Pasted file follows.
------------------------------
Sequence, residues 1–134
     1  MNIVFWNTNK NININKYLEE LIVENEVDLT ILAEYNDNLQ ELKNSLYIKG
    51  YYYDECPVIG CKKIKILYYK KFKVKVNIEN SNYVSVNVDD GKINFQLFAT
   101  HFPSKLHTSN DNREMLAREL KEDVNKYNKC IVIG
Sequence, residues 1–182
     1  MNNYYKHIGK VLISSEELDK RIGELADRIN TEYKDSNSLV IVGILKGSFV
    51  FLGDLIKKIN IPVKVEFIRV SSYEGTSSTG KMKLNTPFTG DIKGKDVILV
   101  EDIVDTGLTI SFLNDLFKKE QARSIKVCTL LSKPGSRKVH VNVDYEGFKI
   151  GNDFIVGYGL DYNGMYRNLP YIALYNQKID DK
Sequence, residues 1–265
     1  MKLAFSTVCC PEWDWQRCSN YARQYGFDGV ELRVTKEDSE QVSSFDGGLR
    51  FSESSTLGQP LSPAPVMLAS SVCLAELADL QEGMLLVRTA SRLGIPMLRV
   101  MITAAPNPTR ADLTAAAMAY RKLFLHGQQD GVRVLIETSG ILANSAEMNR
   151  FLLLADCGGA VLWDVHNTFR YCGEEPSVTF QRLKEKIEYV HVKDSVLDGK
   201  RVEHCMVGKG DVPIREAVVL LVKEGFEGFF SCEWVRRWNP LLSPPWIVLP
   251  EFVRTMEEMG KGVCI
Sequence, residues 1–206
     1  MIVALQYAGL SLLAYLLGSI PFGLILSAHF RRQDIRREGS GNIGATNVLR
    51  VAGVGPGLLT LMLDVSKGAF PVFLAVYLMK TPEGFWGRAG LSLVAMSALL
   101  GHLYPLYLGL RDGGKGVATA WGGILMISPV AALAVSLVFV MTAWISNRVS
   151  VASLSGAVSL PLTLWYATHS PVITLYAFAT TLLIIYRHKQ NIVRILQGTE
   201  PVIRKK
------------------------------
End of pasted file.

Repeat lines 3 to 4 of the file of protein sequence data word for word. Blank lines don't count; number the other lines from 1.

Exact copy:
    51  YYYDECPVIG CKKIKILYYK KFKVKVNIEN SNYVSVNVDD GKINFQLFAT
   101  HFPSKLHTSN DNREMLAREL KEDVNKYNKC IVIG